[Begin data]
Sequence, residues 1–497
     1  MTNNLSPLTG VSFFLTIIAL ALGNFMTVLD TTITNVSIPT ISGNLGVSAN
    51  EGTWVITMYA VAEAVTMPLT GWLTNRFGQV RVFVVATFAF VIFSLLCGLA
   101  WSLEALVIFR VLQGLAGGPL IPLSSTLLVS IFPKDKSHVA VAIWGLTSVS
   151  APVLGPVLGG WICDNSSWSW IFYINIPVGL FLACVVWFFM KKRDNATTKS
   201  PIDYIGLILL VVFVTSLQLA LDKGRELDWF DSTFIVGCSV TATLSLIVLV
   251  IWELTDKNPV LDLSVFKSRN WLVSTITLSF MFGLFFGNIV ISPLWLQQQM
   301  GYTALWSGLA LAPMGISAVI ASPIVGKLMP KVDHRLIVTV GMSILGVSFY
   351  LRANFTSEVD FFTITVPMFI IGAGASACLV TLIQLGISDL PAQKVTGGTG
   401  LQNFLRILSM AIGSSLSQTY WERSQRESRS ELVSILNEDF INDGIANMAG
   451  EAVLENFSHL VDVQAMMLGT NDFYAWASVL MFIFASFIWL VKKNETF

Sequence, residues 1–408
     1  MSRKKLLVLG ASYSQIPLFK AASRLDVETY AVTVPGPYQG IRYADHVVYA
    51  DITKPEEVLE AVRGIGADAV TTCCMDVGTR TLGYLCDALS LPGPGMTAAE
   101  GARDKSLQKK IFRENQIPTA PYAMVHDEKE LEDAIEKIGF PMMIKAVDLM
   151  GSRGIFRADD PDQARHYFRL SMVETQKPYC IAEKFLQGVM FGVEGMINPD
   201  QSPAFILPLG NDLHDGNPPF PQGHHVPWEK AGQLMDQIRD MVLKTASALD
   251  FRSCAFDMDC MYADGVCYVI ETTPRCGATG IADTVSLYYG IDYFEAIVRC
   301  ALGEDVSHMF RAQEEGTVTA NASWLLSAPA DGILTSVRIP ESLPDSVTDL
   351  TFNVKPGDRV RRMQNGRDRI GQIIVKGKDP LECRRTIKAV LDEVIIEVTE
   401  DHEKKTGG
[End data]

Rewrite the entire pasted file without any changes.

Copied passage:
Sequence, residues 1–497
     1  MTNNLSPLTG VSFFLTIIAL ALGNFMTVLD TTITNVSIPT ISGNLGVSAN
    51  EGTWVITMYA VAEAVTMPLT GWLTNRFGQV RVFVVATFAF VIFSLLCGLA
   101  WSLEALVIFR VLQGLAGGPL IPLSSTLLVS IFPKDKSHVA VAIWGLTSVS
   151  APVLGPVLGG WICDNSSWSW IFYINIPVGL FLACVVWFFM KKRDNATTKS
   201  PIDYIGLILL VVFVTSLQLA LDKGRELDWF DSTFIVGCSV TATLSLIVLV
   251  IWELTDKNPV LDLSVFKSRN WLVSTITLSF MFGLFFGNIV ISPLWLQQQM
   301  GYTALWSGLA LAPMGISAVI ASPIVGKLMP KVDHRLIVTV GMSILGVSFY
   351  LRANFTSEVD FFTITVPMFI IGAGASACLV TLIQLGISDL PAQKVTGGTG
   401  LQNFLRILSM AIGSSLSQTY WERSQRESRS ELVSILNEDF INDGIANMAG
   451  EAVLENFSHL VDVQAMMLGT NDFYAWASVL MFIFASFIWL VKKNETF

Sequence, residues 1–408
     1  MSRKKLLVLG ASYSQIPLFK AASRLDVETY AVTVPGPYQG IRYADHVVYA
    51  DITKPEEVLE AVRGIGADAV TTCCMDVGTR TLGYLCDALS LPGPGMTAAE
   101  GARDKSLQKK IFRENQIPTA PYAMVHDEKE LEDAIEKIGF PMMIKAVDLM
   151  GSRGIFRADD PDQARHYFRL SMVETQKPYC IAEKFLQGVM FGVEGMINPD
   201  QSPAFILPLG NDLHDGNPPF PQGHHVPWEK AGQLMDQIRD MVLKTASALD
   251  FRSCAFDMDC MYADGVCYVI ETTPRCGATG IADTVSLYYG IDYFEAIVRC
   301  ALGEDVSHMF RAQEEGTVTA NASWLLSAPA DGILTSVRIP ESLPDSVTDL
   351  TFNVKPGDRV RRMQNGRDRI GQIIVKGKDP LECRRTIKAV LDEVIIEVTE
   401  DHEKKTGG